Myanmar pays off for Woodside

Woodside Energy has made a gas discovery offshore Myanmar giving hope to the string of majors who entered the country following its emergence from sanction driven isolation. 

Woodside made the discovery on the Shwe Yee Htun-1 exploration well in Block A-6 in the Rakhine Basin, in the western offshore area of Myanmar. 

The firm says the well, spudded on 27 November, intersected a gross gas column of approximately 129m, with about 15m of net pay. 

The announcement comes as work continues on new offshore 3D seismic acquisition in the country, led by Woodside and BG Group, using the Ramform Titan and Ramform Sovereign vessels.

“Further analysis will be undertaken to understand the full potential of the play, but this de-risks a number of leads which will now be matured,” he said. “This discovery is an encouraging outcome for future exploration and appraisal activity in the area.”

Woodside, Total, and BG Group are among the major companies that moved into Myanmar following its emergence from sanction driven isolation. The government awarded 20 offshore blocks to 13 international and nine local companies in 2013. The signing of production sharing contracts ended this in 2015.

Among the international oil companies were Ophir Energy, Chevron subsidiary Unocal Myanmar Offshore, Shell, Woodside, PTTEP International, Petronas, Canadian Foresight Group and Eni.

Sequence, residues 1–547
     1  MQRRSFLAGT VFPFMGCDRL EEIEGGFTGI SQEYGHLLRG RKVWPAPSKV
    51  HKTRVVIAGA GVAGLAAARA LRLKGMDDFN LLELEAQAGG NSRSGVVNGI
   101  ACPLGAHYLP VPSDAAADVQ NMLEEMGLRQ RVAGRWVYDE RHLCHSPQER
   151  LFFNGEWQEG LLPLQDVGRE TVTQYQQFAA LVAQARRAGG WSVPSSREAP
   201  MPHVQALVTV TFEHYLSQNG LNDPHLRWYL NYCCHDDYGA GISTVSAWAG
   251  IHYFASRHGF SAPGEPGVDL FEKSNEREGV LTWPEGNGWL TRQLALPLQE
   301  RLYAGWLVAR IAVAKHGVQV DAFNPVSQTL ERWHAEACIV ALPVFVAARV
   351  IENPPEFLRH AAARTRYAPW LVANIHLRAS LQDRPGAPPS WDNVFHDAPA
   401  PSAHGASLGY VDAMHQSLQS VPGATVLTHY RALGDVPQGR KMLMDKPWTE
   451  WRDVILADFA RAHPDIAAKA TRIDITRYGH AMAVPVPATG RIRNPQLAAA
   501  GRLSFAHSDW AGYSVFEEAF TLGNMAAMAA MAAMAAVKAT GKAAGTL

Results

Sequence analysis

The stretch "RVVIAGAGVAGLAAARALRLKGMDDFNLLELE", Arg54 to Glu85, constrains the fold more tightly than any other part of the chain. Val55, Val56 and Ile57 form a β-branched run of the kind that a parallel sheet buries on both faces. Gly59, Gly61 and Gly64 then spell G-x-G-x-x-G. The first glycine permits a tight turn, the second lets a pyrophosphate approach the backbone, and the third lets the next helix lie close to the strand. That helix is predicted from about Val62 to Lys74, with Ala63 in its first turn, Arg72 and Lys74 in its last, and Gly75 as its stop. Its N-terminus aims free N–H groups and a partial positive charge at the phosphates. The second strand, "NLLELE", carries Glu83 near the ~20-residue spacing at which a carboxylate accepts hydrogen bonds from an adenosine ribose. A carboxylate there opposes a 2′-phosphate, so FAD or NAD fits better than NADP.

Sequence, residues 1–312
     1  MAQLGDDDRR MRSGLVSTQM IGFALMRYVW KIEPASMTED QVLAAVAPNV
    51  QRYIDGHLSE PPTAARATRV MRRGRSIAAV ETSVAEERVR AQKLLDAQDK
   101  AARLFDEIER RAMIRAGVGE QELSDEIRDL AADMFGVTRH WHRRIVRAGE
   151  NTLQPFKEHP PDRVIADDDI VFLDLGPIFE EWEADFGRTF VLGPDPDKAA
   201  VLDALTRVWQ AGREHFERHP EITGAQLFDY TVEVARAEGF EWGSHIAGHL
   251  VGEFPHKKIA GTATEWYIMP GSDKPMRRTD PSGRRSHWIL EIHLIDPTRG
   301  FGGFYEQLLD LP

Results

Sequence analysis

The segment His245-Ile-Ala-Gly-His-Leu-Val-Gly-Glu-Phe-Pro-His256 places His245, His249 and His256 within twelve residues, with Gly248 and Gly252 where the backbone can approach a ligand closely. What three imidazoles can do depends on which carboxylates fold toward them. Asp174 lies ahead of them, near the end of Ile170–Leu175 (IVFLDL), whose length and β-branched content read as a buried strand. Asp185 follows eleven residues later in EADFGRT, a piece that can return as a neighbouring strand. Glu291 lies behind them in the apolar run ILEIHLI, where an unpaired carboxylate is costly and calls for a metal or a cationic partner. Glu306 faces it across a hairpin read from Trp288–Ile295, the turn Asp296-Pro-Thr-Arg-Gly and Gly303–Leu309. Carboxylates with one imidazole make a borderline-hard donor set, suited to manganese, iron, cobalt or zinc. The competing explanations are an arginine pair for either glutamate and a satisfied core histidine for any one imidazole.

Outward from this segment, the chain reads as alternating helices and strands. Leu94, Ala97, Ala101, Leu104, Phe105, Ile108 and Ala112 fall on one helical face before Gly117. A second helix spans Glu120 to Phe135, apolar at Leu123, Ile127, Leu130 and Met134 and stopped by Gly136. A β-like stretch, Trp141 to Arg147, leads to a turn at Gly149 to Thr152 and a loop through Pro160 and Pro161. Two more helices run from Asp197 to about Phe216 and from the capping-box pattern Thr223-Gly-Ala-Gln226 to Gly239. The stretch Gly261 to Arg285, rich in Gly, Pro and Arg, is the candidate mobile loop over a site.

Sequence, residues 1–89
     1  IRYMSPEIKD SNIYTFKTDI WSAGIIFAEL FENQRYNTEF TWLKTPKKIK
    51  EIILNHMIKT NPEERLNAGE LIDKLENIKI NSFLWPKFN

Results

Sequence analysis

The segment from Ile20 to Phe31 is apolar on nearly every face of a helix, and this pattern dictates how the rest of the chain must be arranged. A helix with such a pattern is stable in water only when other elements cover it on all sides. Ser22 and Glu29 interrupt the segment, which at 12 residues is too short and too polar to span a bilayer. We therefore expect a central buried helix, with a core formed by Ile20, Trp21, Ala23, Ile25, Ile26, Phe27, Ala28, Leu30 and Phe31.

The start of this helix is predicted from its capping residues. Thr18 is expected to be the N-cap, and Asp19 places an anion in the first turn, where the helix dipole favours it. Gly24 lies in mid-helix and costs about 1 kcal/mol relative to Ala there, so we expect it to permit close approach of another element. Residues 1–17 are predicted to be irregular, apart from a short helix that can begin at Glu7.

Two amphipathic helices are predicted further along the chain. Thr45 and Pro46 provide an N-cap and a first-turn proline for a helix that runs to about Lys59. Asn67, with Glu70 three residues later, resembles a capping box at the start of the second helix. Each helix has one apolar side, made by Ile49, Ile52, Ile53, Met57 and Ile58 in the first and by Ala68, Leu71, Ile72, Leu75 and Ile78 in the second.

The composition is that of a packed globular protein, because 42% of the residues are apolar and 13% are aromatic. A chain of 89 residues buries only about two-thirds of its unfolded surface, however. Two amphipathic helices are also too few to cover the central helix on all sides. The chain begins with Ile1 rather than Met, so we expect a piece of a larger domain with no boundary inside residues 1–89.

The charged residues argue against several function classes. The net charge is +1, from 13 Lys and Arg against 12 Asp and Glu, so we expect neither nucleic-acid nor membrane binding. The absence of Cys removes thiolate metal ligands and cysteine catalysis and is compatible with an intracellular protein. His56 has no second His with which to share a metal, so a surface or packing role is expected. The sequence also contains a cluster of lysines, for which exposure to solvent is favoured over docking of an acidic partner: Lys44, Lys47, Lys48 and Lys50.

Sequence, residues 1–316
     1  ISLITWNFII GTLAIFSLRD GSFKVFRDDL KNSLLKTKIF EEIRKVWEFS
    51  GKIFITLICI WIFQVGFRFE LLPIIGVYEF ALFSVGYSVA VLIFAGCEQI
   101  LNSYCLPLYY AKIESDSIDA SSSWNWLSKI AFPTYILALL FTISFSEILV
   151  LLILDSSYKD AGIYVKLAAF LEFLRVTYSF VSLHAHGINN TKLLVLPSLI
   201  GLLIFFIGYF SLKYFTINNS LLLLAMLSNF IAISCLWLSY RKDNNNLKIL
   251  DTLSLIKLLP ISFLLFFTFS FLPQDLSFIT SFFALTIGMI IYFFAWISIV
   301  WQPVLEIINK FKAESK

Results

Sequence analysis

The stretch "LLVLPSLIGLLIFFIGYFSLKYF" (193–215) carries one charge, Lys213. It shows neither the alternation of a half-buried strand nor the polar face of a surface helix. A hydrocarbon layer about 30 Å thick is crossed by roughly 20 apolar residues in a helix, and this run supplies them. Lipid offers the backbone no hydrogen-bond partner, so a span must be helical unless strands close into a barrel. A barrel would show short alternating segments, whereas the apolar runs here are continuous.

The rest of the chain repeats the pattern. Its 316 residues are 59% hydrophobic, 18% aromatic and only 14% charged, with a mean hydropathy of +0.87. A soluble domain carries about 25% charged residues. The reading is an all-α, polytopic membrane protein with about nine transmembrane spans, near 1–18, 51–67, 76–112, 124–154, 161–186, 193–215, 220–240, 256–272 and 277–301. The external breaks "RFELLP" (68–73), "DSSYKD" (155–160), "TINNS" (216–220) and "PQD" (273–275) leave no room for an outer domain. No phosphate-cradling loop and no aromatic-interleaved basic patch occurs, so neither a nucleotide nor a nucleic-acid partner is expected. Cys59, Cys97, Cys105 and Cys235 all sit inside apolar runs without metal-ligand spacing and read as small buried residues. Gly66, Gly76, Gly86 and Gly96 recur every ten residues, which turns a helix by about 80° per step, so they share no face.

“For a lot of the global players that rushed into the space, this confirms it is prospective and worth chasing,” said Adrian Prendergast, an analyst at Morgans Financial Ltd. in Melbourne. “But there’s still a long a way to go,” reported Bloomberg. 

Woodside has a 40% interest in A-6, and is joint operator with MPRL E&P (20% interest). Total E&P Myanmar holds a 40%, non-operated interest.

In total, Woodside has interests in six blocks in the Rakhine Basin, covering 46,000sq km and representing 20% of Woodside’s global exploration acreage.

According to the US Energy Information Agency (EIA): "Burma (Myanmar) is an important natural gas producer within Southeast Asia, though its upstream hydrocarbons sector is underdeveloped. Sanctions, a lack of technical capacity, opaque regulatory policy, and insufficient investment by foreign firms have significantly impeded the country's efforts to realize its oil and gas production potential. However, many US and European Union sanctions were eased or suspended in 2012 in response to political and economic reforms in Burma."

Read more

BG Group, Woodside start Myanmar seismic

Myanmar announces offshore winners

Image: The 2013 offshore round blocks. From Deloitte.

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